Ironically, Republicans are trailing in early polls for the only open seat currently held by the GOP, which is being vacated by Sen. Connie Mack (R-Fla.). Despite Florida's GOP leanings in recent elections, state insurance commissioner and former representative Bill Nelson (D) is running ahead of both the principal Republican contenders, Rep. Bill McCollum, one of the managers of President Clinton's impeachment trial, and state education commissioner Tom Gallagher.
Republicans had been faced with a difficult open-seat race in Rhode Island, when Sen. John H. Chafee (R) announced his retirement. But Chafee died late last year and was succeeded by his son Lincoln. The race remains competitive but a recent GOP poll showed Chafee running well ahead of either of his Democratic competitors.
On other critical factors, including fund-raising and recruitment of challengers, Democrats contend that they are in good shape, even better than in other recent election cycles.
While Republicans always raise and spend more money than the Democrats and are likely to do so again, Senate Democrats say they will be adequately funded in nearly all the critical races and point to year-end reports showing their national campaign committee raised nearly as much as the GOP and had more cash on hand at year's end: $10.75 million compared with $7.8 million. In some states, they have also found strong candidates, such as Gov. Thomas R. Carper in Delaware--who is challenging Sen. William V. Roth Jr. (R)--and Gov. Mel Carnahan in Missouri--who wants to knock off Sen. John D. Ashcroft (R).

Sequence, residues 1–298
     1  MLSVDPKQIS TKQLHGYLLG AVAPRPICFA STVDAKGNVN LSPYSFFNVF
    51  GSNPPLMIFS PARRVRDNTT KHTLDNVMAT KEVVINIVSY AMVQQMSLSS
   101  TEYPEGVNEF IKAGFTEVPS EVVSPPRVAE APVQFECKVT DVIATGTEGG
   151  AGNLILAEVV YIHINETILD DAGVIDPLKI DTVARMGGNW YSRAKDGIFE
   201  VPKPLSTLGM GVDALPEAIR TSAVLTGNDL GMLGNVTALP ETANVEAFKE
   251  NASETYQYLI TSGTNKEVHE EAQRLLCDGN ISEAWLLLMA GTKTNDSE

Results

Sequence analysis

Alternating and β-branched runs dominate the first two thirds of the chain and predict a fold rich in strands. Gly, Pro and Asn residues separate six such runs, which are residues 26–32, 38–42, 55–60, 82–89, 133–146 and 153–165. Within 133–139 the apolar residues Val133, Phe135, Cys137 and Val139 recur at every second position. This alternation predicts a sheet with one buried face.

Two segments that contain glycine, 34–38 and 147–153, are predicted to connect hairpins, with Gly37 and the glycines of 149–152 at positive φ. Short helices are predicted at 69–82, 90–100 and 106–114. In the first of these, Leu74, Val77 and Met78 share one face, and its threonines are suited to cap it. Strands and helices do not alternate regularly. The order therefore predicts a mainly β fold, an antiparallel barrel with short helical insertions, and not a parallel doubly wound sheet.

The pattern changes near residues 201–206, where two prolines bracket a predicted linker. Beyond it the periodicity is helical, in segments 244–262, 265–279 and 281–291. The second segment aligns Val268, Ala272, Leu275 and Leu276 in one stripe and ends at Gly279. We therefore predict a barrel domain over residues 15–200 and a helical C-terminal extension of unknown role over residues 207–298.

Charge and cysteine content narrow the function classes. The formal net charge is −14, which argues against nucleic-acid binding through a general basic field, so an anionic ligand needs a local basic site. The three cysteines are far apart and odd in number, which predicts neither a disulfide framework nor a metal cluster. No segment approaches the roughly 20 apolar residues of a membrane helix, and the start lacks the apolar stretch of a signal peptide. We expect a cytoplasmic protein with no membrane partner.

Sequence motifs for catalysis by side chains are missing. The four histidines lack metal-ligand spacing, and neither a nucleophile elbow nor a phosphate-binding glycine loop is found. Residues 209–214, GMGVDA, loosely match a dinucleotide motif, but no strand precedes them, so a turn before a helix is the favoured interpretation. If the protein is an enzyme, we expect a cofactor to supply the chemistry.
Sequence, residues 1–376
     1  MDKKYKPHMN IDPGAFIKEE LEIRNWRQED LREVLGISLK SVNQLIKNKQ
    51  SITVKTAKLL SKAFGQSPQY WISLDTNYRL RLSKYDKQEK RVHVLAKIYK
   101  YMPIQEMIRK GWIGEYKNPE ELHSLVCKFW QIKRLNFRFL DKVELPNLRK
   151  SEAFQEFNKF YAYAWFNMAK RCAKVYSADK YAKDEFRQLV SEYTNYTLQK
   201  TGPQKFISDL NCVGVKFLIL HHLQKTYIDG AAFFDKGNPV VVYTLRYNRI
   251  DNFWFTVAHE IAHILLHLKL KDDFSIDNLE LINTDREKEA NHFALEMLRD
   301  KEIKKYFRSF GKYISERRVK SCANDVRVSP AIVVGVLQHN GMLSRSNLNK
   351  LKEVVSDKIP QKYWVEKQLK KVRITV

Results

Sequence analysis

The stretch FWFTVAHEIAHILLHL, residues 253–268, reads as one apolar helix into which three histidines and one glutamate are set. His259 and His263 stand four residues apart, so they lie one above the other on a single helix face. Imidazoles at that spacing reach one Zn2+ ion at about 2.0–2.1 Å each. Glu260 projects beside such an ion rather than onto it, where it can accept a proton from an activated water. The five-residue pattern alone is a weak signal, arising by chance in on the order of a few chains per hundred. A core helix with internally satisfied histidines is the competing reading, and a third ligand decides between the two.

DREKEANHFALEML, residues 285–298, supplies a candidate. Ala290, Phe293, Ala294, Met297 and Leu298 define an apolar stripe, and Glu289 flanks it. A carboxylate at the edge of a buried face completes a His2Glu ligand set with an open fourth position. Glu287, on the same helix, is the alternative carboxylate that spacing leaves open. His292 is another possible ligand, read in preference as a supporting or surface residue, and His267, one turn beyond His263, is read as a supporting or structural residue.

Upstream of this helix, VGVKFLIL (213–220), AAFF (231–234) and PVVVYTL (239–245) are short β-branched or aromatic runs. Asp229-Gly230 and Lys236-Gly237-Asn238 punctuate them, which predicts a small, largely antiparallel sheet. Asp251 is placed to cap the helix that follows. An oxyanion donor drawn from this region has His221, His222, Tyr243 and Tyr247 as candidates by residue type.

But Democrats have been unable to find strong challengers in several states, including Ohio, Nevada and Vermont, where prospects for reelection of Sen. James M. Jeffords (R) improved dramatically when Rep. Bernard Sanders (Ind.) decided not to run.
Democrats have only one seriously endangered incumbent, Sen. Charles S. Robb (Va.). Although Robb is probably in as much if not more trouble than any of the Republican incumbents, Democrats were cheered when a recent poll showed Robb running neck and neck with former governor George Allen (R). Earlier polls showed Robb trailing Allen.
In addition to the open-seat race in Florida, Republicans will be hard-pressed to protect vulnerable incumbents in Delaware, Minnesota, Michigan, Missouri and Pennsylvania. Both parties are also keeping a close eye on GOP seats in Rhode Island, Vermont and Washington state, where Democrats regard Sen. Slade Gorton (R) as potentially vulnerable.
Republicans regard Sen. Rod Grams (R-Minn.) as perhaps their most vulnerable incumbent, and former representative Timothy J. Penny (D) presents a formidable challenge, although Democrats are far from settled on a candidate. In Michigan, polls show Sen. Spencer Abraham (R) in a dead heat with Lansing area Rep. Deborah Ann Stabenow (D).
The Senate Challenge
Thirty-three states will hold U.S. Senate elections. Of those, 14 seats are held by Democrats, 19 by Republicans. To gain a majority, Democrats need to gain six seats, or five if the next vice president is Democratic.
Current Senate seats
UNNAMED STATES HAVE NO 2000 SENATE RACE.
* Open seat
SOURCE: National Journal's Cloakroom
CAPTION: Sen. Daniel Patrick Moynihan's departure means New York seat is no longer a safe one for Democrats.
CAPTION: Democratic Sen. Bob Kerrey's late decision to retire gives Republicans an opening in GOP-leaning Nebraska.